Sugamo Prison was originally built in 1895, using the prisons of Europe as a model. By the 1930s it became known for housing political prisoners, including many communists and other dissenters who fell foul of the Peace Preservation Laws in the 1930s and 1940s. Allied spies were also incarcerated there, including Richard Sorge who was hanged in the prison on November 7, 1944. The prison also was used to hold captured Allied officers during World War 2 as well as airmen
The prison was not damaged during the bombing of Tokyo in World War II, and was taken over by the Allied occupation forces during the occupation of Japan to house suspected war criminals as they awaited trial before the International Military Tribunal for the Far East. After the conclusion of the trials, Sugamo Prison was used to incarcerate some of the convicted and was the site of the execution of seven inmates sentenced to death by hanging on December 23, 1948. The prison was also the execution site for 51 Japanese war criminals who were condemned in the Yokohama War Crimes Trials. The last 7 executions were carried out on April 7, 1950.
The original compound was only 2.43 hectares (6.0 acres) in size. The construction of exterior fencing expanded the facility to double the original size. After being captured and re-purposed by Allied forces, the facility was operated by the Eighth U.S. Army, although the actual operation of the prison was handled by Japanese personnel.[clarification needed] There were approximately 2500 military personnel assigned to duty at the prison, however no more than 500 at any given time. The prison was in operation by American military forces from December 1945 through May 1952. The structure housed some 2000 Japanese war criminals during its operation.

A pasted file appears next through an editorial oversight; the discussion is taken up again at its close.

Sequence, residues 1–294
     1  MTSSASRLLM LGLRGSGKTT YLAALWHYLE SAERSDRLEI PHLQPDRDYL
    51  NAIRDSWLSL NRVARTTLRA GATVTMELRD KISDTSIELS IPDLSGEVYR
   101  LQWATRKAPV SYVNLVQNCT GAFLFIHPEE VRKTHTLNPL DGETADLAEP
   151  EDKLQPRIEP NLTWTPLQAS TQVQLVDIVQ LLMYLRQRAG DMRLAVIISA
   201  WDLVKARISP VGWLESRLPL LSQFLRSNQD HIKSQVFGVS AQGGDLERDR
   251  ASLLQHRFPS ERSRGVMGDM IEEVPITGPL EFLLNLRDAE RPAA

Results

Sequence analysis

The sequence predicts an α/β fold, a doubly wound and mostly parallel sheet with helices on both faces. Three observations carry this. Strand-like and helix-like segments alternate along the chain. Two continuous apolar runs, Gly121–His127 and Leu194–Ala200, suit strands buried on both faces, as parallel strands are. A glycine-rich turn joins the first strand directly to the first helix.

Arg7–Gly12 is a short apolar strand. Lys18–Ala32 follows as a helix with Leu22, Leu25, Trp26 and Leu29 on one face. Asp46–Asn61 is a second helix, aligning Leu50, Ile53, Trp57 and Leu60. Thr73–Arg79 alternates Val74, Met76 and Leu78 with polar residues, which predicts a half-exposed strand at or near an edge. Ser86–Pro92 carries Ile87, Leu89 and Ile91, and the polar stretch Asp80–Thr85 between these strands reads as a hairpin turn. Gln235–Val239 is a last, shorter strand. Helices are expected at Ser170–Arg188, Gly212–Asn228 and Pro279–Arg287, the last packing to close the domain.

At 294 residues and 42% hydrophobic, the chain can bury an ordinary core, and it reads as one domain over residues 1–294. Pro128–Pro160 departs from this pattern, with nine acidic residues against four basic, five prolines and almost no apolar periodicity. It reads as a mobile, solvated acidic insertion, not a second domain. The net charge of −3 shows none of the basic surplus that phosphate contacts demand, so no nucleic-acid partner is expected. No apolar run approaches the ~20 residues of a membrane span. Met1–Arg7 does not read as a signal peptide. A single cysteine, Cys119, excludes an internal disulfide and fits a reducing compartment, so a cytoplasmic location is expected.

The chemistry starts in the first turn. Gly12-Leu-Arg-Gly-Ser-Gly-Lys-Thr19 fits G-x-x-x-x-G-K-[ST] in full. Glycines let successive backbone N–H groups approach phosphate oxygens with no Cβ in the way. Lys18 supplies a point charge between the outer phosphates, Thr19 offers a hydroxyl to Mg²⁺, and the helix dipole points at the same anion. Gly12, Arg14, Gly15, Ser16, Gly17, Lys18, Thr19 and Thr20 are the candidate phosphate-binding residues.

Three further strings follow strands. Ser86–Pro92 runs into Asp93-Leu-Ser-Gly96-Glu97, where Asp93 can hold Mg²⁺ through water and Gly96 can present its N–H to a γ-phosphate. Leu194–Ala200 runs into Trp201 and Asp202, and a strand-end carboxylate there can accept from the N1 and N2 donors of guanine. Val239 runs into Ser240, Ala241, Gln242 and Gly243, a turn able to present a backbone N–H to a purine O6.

The prisoners ate Japanese food prepared by Japanese personnel and served by the prisoners themselves. There were occasions when former Prime Minister Hideki Tojo served food to all the other class "A" prisoners. Some of the vegetables used in these meals were grown within the compound. On May 31, 1958, the last 18 Japanese war criminals still serving time in Sugamo Prison were paroled.
After the end of the occupation of Japan, Sugamo Prison passed to Japanese civilian government control. Most of the remaining war criminals were pardoned or paroled by the government. In 1962 its function as a prison ended. In 1971 the prison buildings were dismantled.
In 1978, the Sunshine 60 Building, at its completion the tallest skyscraper in Japan, was built on the former site of Sugamo Prison. All that is left to commemorate the prison is a stone on which is engraved, in Japanese, "Pray for Eternal Peace."
- Iva Toguri D'Aquino: American-Japanese suspected collaborator known as "Tokyo Rose". Sentenced to 10 years in prison in the United States for treason, which she served in the United States. Released in 1956, and pardoned in 1977. Died in 2006.
- Minister of Foreign Affairs Yōsuke Matsuoka: Died in prison in 1946, before he could be brought to trial.
- Marshal Admiral Osami Nagano: Died in prison during his trial in 1947.
- Vice Minister of Munitions Nobusuke Kishi: Ran plundering of China, planned and ran the war, key deputy to Tojo, Later Prime Minister (LDP) 1957–1960: Released after charges dropped in 1948. Died in 1987.
- Matsutarō Shōriki, secretary of the Political Police in Tokyo, later media mogul, LDP politician, Chief of the Information Department of the Interior Ministry: Released in 1948 after charges dropped. Died in 1969.